The Art of Conning Grandma: 5 Scams Website Agencies Use
I’m sure you must be thinking, Madelaine darling, you work in PR. Surely you’ve seen every illusion or trick on the planet? Yes, yes I have. But nothing even comes close to the utter, blatant fraud that is Website Agencies. But, because I’m not a total monster, I’m going to share the many extraordinary and lucrative ways they try and get money out of elderly clients. (Or just those who aren’t technophiles).
1. “We actually need *more* money to build the CMS and back end coding”
I’ll bet my bonnet they almost definitely don’t. For one, every agency has templates to build sites. Any web developer worth their salt can change text or pictures in a matter of minutes, ‘back end coding’ or not. If it’s literally your job, day in day out, you aren’t going to be googling the right HTML to change a font in a template.
Unless you’ve asked for a very complicated graphic, NEVER just accept this as a given. They are testing the waters to see whether they can sell you the Brooklyn Bridge. Respond with ‘Can you explain to me what code you need to rebuild and give me an estimated breakdown on the hours it will take, so I can share it with my grandson to check’. They’ll suddenly realize they can do it anyway.
2. “It’ll take us 5 days to replace that section of text”
Like hell it will! It takes between 5 and 30 minutes, depending on the amount they have to copy and paste from your word document. This just means they don’t have enough staff to cover your project or can’t be bothered. If you’re paying by the day, this is an easy way to inflate their invoice.
Let Mama show you how. You go to the page where you want to edit, delete the text that was there, and paste the text you want. Provided you aren’t asking them to put War and Peace up, that’s a 5 minute job.
If they burst into tears and insist they aren’t using a template (lol ok hun), they’re coding the back-end CMS or HTML, just remember that they aren’t toddlers looking at code for the first time, and it really isn’t rocket science. An hour tops. So y’all know how incredibly easy it is, this is how you do it:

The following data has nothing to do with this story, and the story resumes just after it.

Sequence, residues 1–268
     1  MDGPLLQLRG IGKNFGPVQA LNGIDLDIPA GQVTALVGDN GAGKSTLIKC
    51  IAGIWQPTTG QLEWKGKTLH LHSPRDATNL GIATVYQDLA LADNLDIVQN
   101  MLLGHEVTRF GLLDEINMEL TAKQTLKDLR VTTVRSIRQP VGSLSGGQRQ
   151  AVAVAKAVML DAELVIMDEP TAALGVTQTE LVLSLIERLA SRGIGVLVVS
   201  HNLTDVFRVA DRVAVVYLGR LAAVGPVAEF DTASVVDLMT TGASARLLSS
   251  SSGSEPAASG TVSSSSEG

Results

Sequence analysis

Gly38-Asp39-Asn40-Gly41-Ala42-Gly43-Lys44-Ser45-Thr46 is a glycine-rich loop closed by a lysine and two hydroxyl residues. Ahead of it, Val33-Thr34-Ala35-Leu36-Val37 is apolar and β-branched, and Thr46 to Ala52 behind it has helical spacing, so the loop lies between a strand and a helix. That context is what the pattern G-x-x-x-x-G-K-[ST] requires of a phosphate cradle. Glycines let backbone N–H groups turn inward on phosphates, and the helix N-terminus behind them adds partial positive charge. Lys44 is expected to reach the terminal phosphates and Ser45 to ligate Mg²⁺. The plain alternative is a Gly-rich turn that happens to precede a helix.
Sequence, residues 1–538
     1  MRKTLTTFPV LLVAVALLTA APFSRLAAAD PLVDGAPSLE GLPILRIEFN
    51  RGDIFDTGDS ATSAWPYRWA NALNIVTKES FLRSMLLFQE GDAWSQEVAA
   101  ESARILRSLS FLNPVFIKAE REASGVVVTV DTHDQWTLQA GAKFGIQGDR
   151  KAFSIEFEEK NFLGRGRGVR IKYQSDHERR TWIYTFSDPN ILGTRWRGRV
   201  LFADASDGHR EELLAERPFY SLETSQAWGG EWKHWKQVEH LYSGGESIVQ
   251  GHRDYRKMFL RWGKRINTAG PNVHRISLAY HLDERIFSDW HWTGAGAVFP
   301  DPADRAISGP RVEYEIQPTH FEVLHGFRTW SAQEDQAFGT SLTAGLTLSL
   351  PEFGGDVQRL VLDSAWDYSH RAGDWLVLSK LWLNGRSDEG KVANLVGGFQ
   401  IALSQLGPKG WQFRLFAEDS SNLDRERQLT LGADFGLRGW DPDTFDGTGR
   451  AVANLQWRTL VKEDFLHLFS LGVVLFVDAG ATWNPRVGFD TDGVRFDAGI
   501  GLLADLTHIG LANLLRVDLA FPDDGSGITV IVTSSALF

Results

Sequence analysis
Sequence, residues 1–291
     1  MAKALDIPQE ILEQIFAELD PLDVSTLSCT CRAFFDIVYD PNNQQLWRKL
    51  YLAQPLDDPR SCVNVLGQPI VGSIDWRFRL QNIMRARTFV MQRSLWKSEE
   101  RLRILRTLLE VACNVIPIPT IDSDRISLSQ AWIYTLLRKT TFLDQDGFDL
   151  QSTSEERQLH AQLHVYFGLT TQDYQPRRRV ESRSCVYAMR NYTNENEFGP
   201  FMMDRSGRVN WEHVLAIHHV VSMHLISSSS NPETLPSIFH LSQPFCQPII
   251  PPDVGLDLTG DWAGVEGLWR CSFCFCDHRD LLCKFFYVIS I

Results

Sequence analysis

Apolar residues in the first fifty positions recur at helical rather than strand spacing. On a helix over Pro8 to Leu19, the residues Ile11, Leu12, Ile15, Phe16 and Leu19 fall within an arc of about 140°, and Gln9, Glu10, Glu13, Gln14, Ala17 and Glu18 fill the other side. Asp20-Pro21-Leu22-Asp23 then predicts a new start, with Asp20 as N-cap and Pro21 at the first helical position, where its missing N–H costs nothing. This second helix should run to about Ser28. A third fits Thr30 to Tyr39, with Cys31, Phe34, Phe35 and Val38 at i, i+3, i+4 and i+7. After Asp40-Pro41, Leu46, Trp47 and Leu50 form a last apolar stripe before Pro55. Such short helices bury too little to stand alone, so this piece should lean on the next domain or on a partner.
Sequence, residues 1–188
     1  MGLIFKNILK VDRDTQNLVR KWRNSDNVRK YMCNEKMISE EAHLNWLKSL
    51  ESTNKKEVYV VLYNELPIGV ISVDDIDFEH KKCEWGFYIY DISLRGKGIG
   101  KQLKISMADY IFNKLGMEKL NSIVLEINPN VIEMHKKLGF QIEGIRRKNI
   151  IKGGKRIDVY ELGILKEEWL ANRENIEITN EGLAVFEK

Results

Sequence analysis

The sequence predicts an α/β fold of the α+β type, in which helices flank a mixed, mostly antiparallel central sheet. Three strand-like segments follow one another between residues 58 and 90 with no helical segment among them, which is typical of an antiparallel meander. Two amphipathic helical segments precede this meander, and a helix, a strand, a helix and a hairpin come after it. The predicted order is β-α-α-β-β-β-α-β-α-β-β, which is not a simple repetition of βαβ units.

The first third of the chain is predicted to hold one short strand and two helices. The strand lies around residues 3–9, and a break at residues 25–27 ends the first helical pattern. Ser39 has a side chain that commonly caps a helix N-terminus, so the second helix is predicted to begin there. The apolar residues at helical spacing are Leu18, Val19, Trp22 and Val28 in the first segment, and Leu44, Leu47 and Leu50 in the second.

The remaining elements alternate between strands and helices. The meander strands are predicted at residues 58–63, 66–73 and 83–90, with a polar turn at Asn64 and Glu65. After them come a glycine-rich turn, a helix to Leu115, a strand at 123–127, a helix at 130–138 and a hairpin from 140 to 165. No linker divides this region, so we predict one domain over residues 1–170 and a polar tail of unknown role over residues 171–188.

- Ctrl+C (copy) and Ctrl+V (paste).
2. Then add replacement text into the correct area of code (it’ll look like this: <h6> Lydia is my favourite cat. She loves long naps and cuddles.<h/6>).
If I could teach myself how to do it as a 25 year old girl who did an anthropology degree, your womble of a web developer can work it out without it taking him 5 days.
3. We’ll need another $3,000 to cover the costs of updating the header image”
Lol ok Damian. Any standard image or text replacement takes literally minutes to do, log in included. It’s literally ‘upload into a template.’ Even if you’re fancy and doing it from scratch, it’s a $5 job max.
I don’t even charge for minor edits, because I’m not a blood sucking con-woman.
4. “The earliest we can update your blog post/ header/ profile picture is next Thursday, it takes time”
I’ll bet my second bonnet that the answer is they don’t have anyone covering your project until then. If you can, always work with one freelancer instead of an agency to avoid this crap. There is no conceivable reason that an agency will take over a day to change a picture, section of text or header, beyond the fact they’ve not got someone covering your project development.
This is just bad service, there’s no other word for it. Even the most stretched agency is able to get an intern to sit down and upload a cat picture in a matter of minutes. If your agency isn’t even worth a basic courtesy like this, walk. I update things for clients straight away, or within the hour, for free, and I’m spectacularly disorganized.
5. “The CMS got broken!” “It caught a Fimble virus!”
Always take it as a given that a web agency thinks you are spectacularly, alarmingly stupid. They’ll use big words, jargon and straight up lie to convince you that you have to pay for all sorts of rubbish and put up with increasingly absurd delays.
CMS = Content Management System. Back end coding = code to make the site do stuff. I’ve even seen people make up words, viruses and problems. The bottom line is: if they are a web agency, they know exactly how to work with HTML. They know exactly how to fix a glitch, or how to work around a platform incompatibility. That’s their job. Never, ever just accept ‘oh, it broke somehow and now I need to be paid more’. As a contractor building your website, they are obliged to look into it and fix it. They are obliged to complete the project, irrespective of whether they did something stupid with the CRM. And they definitely shouldn’t charge you for it.